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How to handle summer camp anxiety

The benefits of sending kids to camp are abundant, but when nervous kids become overwhelmed about heading off to this new adventure, fears and anxiety can sometimes trump feelings of excitement. Before letting your homesick youngster wiggle out of going away to camp, pack up these tips on how to tackle summer camp anxiety.

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The right age for sleepaway camp

Summer camp is a positive way for kids to gain life skills and independence, but not all campers are gung ho about getting away. Although your own summer camp memories make you giddy, be wary of pushing your kiddo to head off to summer camp before he or she is ready. “There appears to be no ‘magic age’ at which every child becomes ready for sleepaway camp,” shares Dr. Timothy M. Houchin of 360 Mental Health Services. “Writers at The Camp Experts suggest the average age for sleepaway camp readiness is 8 years old, although the YMCA and other organizations offer sleepaway camping experiences for children as young as 6 years of age. The American Academy of Pediatrics has even chimed in on sleepaway camping by indicating that only a parent or caregiver can ultimately decide whether a child is ready for sleepaway camp.”

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Normal nerves or anxiety issue?

You think your youngster is ready to experience the adventures of the great outdoors, but suddenly your little camper is making excuses not to go. So, how can you determine if your child is having normal pre-camp jitters or has a severe case of anxiety? “Being nervous about summer camp is really normal for kids,” explains Kim Blackham, Licensed Marriage and Family Therapist. “Parents can know that fear may need more attention when the child cannot be comforted and the anxiety begins to interfere with daily life.” For parents of kids who seem fearful on a consistent basis, it’s important to discuss your child’s anxiety with your pediatrician.

Tips to squelch summer camp anxiety

When your kiddo has a case of the butterflies about summer camp, you can take a few steps to help ease uncertainties:

  1. Get your child involved. In addition to having your youngster help pick the camp, you can, “Visit the camp or look at pictures online to familiarize your child. Learn the camp’s traditions. Tell stories about your own childhood memories at camp, and stick to the fun tales,” advises Melissa Deuter, psychiatrist in San Antonio, Texas.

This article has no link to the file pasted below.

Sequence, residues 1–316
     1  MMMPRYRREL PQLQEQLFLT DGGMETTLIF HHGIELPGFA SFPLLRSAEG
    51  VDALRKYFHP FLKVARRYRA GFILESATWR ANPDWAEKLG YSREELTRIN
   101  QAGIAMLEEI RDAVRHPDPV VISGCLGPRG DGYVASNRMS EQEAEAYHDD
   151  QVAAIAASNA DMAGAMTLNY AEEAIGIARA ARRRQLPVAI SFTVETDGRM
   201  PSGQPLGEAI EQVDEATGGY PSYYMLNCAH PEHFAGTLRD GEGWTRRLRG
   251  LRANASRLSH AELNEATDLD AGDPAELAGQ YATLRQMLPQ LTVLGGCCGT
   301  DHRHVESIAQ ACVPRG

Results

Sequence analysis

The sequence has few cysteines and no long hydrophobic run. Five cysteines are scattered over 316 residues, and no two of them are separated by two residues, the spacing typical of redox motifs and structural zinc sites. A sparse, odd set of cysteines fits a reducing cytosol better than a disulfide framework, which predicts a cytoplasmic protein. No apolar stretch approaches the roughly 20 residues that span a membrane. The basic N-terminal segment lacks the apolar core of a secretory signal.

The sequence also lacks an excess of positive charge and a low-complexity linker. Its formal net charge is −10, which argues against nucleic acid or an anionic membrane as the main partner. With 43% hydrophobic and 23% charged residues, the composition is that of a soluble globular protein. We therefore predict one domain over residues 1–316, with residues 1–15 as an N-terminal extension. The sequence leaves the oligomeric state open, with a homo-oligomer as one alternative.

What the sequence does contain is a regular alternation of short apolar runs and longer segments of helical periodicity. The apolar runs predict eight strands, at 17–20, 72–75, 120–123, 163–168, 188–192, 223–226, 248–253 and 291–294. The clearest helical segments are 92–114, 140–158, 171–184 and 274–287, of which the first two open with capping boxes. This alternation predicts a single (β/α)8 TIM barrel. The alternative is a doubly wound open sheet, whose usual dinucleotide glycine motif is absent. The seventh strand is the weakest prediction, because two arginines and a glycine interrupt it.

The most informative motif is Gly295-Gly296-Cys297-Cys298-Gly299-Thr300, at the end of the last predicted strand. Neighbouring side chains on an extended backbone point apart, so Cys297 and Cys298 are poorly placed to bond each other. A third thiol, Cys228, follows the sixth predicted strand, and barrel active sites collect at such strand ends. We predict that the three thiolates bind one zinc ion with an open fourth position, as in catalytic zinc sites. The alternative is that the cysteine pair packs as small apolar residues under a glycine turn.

2. Don’t minimize concerns. Whether a few pre-camp jitters or a full-blown case of anxiety, validating a nervous child’s feelings can help calm the storm. “When dealing with homesickness, a great approach is to engage your child and discuss their fears openly,” offers Traci Lowenthal, Psy.D. Clinical Psychologist at Creative Insights Counseling. “Explain that most everyone misses something about home while they are away — even adults. Once kids know it’s normal, they may have less fear.” It’s also vital that you don’t let on about your own fears about letting your child head off to camp; it will only fuel the fire.
  3. Focus on the facts. Instead of fearing the unknown, research your child’s camp of choice and help him or her focus on the schedule and rituals the summer camp has to reduce feelings of being overwhelmed. Once your kiddo is having fun, focus on those during letters and calls. “Don’t give the impression your child is missing out on the fun at home,” says Dr. Deuter. “Instead, ask lots of questions about what your child is doing. Asking questions increases the likelihood your child will write detailed letters in response.”
  4. Try a practice run. For kids who have never slept away from home, the idea of being away from Mom and Dad can be even more daunting. So, before just tossing your little camper into the thick of things, try taking baby steps to show your child how fun the experience can be. “A trial run of some time away, like a sleepover with a good friend or relative, may be just thing to build their confidence,” suggests Dr. Lowenthal.
  5. Make communication easy. Depending upon your child’s camp rules, give your kiddo confidence that keeping in touch will be a cinch and pack stamps and stationary or phone cards to make communication easy. “Sending and receiving letters is often a big part of the camp tradition. Consider sending the first letter packed in your child’s bag. Wish your child well and tell them how much fun they will have at camp. Resist the urge to mention how much you’ll miss him or her,” advises Dr. Deuter.

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Although you can learn how to help your child handle summer camp anxiety, it’s vital that you make the camp staff aware of any emotional or physical needs beyond homesickness your little camper may have to give your child all the support he or she needs. And, with a little guidance, nervous kids can get past the butterflies and focus on the fun sleepaway camp will bring.

Read more summer camp tips

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How to afford to send your kids to camp

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